The newspaper Aftonbladet and pollsters United Mind have been probing the sexual habits of people in Sweden. They found that in 1996 Swedes had sex five times a month on average. By 2013, that number had dwindled to 3.8 times.
In addition, the percentage of Swedes reporting that they’ve had sex with their partner in the last month has dropped from about 80 percent in 1996 down to 60 percent in 2013.
Malmö University sociology professor Sven-Axel Månsson took part in the study in the nineties and said he was concerned by the new findings.
“These are serious numbers and seem to be part of an international trend. My colleagues from other countries have found the same thing,” he told Aftonbladet.
“They say it’s a public health problem. Desire disorder has become a diagnosis.”
Some groups are having more sex than they were before, however. Women under 24 is one group, while both men and women between the ages of 66 and 74 are also having more sex.
Middle-aged men, meanwhile, saw the biggest decline, with men aged 35-49 not having sex as much as previously.
The situation does not sit will with all the survey respondents, however, as 60 percent said they would like to have more sex – true across the age brackets.
Most people blamed their decreased sexual activity on tiredness, either their own or their partner’s. The third most commonly cited reason was being single, and Aftonbladet notes that the proportion of singles has risen by nine percent since 1996.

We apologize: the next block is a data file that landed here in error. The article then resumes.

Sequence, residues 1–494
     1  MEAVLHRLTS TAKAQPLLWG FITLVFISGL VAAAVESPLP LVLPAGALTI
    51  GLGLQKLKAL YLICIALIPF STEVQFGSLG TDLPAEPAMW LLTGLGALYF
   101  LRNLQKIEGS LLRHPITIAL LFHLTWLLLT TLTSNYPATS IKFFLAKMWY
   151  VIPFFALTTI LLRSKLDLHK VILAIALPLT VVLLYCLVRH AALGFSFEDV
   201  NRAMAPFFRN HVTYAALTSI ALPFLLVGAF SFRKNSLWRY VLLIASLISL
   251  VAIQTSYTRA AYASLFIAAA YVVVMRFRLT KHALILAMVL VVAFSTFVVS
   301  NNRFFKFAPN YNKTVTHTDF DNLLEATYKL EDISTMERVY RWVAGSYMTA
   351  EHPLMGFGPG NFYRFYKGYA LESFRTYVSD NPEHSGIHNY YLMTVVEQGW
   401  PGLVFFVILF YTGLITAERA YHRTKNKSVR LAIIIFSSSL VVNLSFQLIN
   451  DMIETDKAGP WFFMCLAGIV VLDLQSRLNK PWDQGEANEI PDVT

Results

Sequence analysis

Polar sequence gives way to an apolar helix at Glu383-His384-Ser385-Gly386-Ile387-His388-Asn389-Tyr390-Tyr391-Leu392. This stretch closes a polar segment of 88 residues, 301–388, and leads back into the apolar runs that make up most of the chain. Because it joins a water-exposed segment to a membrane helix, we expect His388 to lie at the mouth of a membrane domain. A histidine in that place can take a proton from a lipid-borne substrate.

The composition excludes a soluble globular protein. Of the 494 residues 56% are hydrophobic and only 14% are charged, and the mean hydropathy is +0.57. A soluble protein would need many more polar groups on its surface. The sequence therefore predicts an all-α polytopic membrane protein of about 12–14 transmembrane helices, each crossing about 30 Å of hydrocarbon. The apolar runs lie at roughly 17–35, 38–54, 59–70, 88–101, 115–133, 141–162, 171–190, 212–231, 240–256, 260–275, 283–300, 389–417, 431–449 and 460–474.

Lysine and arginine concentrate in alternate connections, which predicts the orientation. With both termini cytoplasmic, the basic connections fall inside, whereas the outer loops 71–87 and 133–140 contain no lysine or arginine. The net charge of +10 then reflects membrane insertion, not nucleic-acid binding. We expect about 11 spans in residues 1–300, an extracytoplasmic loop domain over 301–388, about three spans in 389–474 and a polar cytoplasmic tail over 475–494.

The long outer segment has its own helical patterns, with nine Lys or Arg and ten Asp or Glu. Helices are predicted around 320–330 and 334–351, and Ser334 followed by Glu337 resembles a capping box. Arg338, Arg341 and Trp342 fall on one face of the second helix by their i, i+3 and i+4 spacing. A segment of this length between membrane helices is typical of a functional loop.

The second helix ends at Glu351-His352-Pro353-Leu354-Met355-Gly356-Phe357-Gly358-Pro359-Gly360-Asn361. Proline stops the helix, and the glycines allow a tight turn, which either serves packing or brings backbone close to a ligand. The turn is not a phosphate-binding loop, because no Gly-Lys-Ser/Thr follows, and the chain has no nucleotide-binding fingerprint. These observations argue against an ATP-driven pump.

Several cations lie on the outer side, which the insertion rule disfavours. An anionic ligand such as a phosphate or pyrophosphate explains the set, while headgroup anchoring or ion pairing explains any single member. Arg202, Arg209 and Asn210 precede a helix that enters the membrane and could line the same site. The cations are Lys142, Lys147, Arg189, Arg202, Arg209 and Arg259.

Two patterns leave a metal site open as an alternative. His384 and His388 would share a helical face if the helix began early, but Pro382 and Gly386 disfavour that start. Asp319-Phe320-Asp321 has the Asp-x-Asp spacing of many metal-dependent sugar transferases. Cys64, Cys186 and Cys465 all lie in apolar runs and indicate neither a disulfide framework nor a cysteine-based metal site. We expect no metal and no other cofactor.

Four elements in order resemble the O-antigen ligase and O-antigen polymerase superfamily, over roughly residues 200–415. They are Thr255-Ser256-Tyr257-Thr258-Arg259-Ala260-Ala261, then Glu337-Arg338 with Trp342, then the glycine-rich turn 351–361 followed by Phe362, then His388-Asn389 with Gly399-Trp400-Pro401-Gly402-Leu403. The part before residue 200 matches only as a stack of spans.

Other researchers the newspaper spoke with blamed everything from stress to lack of job security, while some said the constant output of information and entertainment may be depriving Swedes of the hours to cozy up with their partners.
“It’s a stressed-out society,” said Kristina Ljungros, chairwoman of sexual-health information organization Riksförbundet för sexuell upplysning (RFSU).
“There are a lot of demands at work but also on your free time, plus demands to have good sex. I think people feel pressured to be perfect in every way.”
The results of the study are based on responses from 3,000 Swedes from around the country. Similar nationwide studies were carried out in 1967 and 1996.